Baseball world reacts to the passing of players union chief Michael Weiner

MLB Players Association Executive Director Michael Weiner speaks at a news conference in 2012. (AP Photo/Frank Franklin II, File)

MLB Players Association Executive Director Michael Weiner speaks at a news conference in 2012. (AP Photo/Frank Franklin II, File)

Michael Weiner, the MLB players union chief for the past four years, lost his 15-month battle with brain cancer on Thursday and passed away with his family at his side. He was 51 years old.

Weiner’s battle with cancer and an inoperable brain tumor were well known because of his resolve. Even with a weaker body and ongoing therapy, he visited teams in spring training, asking every player he met how they and their family were doing. Despite losing his ability to walk and use the right side of his body, Weiner still went to work and appeared at public gatherings representing the players union. He cared deeply about the union, the players he represented and the issues he confronted.

Others have captured Weiner and his personality well in writing and there was a prevailing theme: Weiner was an intelligent, thoughtful and kind man of high integrity who treated both the superstar and 25th man on the roster with the same dignity and care. He was known for rarely dressing up, preferring the simple and unassuming style of a polo shirt, jeans and his beloved Chuck Taylors, even thought he dealt daily with powerful agents and multi-millionaire athletes. This touching appreciation by ESPN’s Jerry Crasnick describes Weiner perhaps the best.

In July, in one of his last public appearances and after Commissioner Bud Selig spoke, Weiner talked at the annual baseball writers meeting before the all-star game. From his wheelchair, Weiner addressed the Biogenesis scandal at length. He talked about his on-going fight with cancer, his prognosis and the union’s contingency plans. And in a brief pause after a few questions, he deadpanned: “Any questions about anything other than Biogenesis or brain cancer?”

Near the end of the meeting with the reporters, Weiner was asked about himself. And he took the chance to share powerful words that anyone can appreciate.

“What I look for every day is beauty, meaning and joy,” he said. “And if I can find beauty, meaning and joy, then that’s a good day. … I’ll live each day for those things. And I’ll live each day looking for those things. Because I don’t know how much time I’ll have.”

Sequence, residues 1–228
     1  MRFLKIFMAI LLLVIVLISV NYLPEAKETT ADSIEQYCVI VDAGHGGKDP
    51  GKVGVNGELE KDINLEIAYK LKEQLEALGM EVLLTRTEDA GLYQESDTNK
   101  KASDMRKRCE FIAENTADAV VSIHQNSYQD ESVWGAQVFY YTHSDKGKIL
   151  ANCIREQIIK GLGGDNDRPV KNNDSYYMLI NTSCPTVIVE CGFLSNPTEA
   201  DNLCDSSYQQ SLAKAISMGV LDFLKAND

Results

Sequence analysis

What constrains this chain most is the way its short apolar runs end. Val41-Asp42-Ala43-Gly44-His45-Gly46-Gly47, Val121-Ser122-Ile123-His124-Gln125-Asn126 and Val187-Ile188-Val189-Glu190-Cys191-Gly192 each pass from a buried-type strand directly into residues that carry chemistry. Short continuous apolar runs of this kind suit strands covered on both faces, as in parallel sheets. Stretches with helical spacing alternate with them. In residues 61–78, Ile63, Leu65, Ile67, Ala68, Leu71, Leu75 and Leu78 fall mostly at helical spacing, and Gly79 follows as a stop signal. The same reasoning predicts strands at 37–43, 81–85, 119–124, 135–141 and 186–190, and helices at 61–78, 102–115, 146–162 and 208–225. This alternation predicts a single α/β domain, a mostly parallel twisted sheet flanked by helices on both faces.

Once Weiner was done talking, the audience of reporters gave Weiner a standing ovation. Nearly four months later, Weiner passed away. He is survived by his wife, Diane, and three daughters. Former player, Tony Clark, took over as acting executive director. Condolences and appreciations of Weiner poured in from across the sport.

“All of Major League Baseball mourns the loss of Michael Weiner, a gentleman, a family man, and an extraordinarily talented professional who earned the trust of his membership and his peers throughout the national pastime,” Selig said in a statement. “Our strong professional relationship was built on a foundation of respect and a shared commitment to finding fair solutions for our industry.  I appreciated Michael’s tireless, thoughtful leadership of the Players and his pivotal role in the prosperous state of Baseball today.”

Here are some reactions around the league to Weiner’s passing:

Agent Scott Boras:

Agent Brodie Van Wagenen:

The Nationals:




“On behalf of the Lerner Family and the Washington Nationals, we are deeply saddened to learn of the passing of Michael Weiner,” the Nationals said in a team statement. “His commitment to the game of baseball was well-recognized throughout the industry and his contributions will have a lasting impact on its long-term vitality.  We send our deepest condolences to his family and the many friends and colleagues who mourn his loss.”

Here’s another great read on Weiner from a fellow brain cancer patient, Juan C. Rodriguez, who covers the Miami Marlins for the South Florida Sun-Sentinel.

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